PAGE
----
The Korean automakers have gotten into the hybrid game finally and the first models to market from Kia and Hyundai are on the shared midsize sedan platform of Sonata and Optima.
Recently I spent some time with the former sporting what Hyundai has dubbed its Hybrid Blue Drive system. During the time I had the vehicle I was noticing some blogs reporting steering issues and a technical bulletin issued by the manufacturer addressing some torque-steer issues with certain Sonata and Optima sedans.
I found this interesting as no sooner than I headed out the driveway I found myself pulling over to the side of the road to see if I had a flat tire or something. When applying acceleration I had a very noticeable pull or influence to the front left and I actually thought the tire had gone down. Nope, just something needing addressed by the technical service bulletin I guess.
As for the hybrid itself, well, let’s just say that it is a process and this is the first step. Hyundai’s system lacks a bit of finesse in the areas of gas engine integration, braking, acceleration and a couple of other areas but I remember the first Prius here in North America was no champion either.
The Blue Drive system in the Sonata is a full parallel hybrid system meaning the vehicle will operate on full electric power (up to 62 mph depending on battery status) or a combination of gas and electric and the gas engine will shut off when the vehicle comes to a stop thereby reducing emissions while idling.
Fuel economy is marginally better than other powertrain offerings from the automaker but the reduction in greenhouse gas emissions is the major benefit here for this first-generation release.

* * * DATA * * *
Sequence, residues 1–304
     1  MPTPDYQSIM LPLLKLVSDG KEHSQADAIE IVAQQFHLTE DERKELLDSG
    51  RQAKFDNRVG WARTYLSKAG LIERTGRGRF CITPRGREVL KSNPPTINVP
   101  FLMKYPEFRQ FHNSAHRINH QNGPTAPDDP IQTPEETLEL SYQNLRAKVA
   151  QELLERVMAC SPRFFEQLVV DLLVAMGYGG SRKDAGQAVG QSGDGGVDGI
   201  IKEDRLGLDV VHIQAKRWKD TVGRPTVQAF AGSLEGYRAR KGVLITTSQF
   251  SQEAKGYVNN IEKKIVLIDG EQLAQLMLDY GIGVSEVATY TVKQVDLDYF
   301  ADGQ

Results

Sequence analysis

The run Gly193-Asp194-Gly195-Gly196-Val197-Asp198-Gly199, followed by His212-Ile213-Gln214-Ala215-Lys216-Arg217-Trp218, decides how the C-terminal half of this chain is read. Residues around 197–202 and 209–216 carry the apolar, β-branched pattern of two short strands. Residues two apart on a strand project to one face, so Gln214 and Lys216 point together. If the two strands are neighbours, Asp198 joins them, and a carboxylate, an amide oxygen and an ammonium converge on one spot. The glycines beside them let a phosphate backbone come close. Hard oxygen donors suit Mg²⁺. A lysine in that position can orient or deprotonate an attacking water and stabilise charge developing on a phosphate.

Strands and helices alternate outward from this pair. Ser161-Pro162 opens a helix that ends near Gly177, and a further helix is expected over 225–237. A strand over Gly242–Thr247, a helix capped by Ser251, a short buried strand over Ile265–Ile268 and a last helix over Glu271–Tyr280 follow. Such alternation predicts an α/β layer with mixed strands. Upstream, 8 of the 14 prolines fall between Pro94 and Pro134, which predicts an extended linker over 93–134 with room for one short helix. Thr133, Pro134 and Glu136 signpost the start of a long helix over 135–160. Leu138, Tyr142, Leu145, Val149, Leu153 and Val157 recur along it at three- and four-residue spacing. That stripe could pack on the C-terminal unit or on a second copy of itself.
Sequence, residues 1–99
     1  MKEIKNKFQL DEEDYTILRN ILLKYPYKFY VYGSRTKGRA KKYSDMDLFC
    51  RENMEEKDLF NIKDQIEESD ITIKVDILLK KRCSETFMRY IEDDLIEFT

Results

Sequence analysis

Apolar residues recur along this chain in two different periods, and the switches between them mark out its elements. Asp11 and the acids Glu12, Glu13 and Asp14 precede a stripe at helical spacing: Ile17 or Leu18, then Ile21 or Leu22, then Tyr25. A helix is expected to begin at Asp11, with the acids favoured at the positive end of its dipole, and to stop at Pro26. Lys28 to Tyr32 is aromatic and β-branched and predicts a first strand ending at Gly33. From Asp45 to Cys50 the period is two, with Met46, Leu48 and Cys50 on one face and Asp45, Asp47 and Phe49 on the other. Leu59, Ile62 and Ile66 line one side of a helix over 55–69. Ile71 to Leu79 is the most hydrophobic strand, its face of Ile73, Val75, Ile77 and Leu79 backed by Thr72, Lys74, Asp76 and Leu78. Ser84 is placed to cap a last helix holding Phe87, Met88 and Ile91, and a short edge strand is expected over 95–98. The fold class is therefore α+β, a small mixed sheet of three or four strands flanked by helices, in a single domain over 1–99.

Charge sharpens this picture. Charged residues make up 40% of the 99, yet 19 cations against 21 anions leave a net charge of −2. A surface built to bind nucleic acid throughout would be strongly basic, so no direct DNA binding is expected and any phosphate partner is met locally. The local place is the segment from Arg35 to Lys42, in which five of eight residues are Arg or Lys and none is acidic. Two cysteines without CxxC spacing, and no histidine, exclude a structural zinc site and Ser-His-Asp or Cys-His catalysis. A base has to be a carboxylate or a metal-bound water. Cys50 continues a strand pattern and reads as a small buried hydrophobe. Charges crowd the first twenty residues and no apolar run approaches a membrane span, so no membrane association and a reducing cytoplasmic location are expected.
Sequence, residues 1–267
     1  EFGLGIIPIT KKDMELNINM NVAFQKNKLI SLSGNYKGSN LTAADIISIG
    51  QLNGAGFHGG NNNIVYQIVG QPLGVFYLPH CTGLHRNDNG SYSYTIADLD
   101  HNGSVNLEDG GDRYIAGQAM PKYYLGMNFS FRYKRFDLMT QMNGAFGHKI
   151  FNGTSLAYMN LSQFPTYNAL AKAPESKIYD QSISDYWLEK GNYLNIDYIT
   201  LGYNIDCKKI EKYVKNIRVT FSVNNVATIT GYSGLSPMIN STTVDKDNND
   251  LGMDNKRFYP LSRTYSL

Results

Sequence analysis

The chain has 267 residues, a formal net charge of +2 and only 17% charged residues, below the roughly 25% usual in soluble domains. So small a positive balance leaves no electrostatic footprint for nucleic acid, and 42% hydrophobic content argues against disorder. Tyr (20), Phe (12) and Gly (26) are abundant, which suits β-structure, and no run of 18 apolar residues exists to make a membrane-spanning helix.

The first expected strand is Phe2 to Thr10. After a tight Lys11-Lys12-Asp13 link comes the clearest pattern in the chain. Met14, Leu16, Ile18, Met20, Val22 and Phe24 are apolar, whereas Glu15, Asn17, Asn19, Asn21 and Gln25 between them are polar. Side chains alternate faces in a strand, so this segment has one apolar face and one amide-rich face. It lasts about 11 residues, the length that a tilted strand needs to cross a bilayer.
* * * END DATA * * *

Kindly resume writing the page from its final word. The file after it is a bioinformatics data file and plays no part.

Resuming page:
While Hyundai touts best-in-class fuel economy we know first hand that the Ford Fusion Hybrid sedan delivers slightly better returns. The Sonata Hybrid uses a new lithium polymer battery pack (manganese spinel) that is said to be more reliable and robust with greater thermal stability therefore extending the pack’s lifespan.
Hyundai also differs from competitive hybrids in the layout of the powertrain, specifically they place the electric motor between the gas engine and the transmission gear set they dub TMED (Transmission Mounted Electric Drive). They say this offers more flexibility in future hybrid models.
The Hyundai Blue Drive system is mated to a more traditional six-speed automatic transmission in the Sonata whereas most of the competition relies on CVT technology in their vehicles.
The gasoline component is a 2.4-liter four-cylinder engine and operates on an Atkinson cycle similar to other hybrid cars. The shortcomings of this design, in the area of low-end torque, is mitigated through the involvement of the electric motor on acceleration.
As to the new Sonata itself, the vehicle is completely new and features the modern styling cues of the automaker. This is one of the best looking cars in the segment today and the quality is at an all-time high for the Koreans. Other than the torque steer issue there is very little to fault in the new Sonata. Given the recent heat wave we have been experiencing about the only luxury item I would have liked to have would have been ventilated seats (which is available in sibling Kia Optima).
Pricing for the new hybrid from Hyundai begins at $25,795 with our loaded tester coming in at $31,650. Fuel economy is rated at 35 mpg city and 40 mpg highway. There is a bit of a loss of trunk space due to the hybrid battery pack back there and the spare tire has been removed in place of a tire inflation kit for weight savings. Hybrid powertrain performance is rated at 206.2hp and 193.4 lb. ft. of torque with the electric motor rated at 34kW and lithium polymer battery pack is 270V.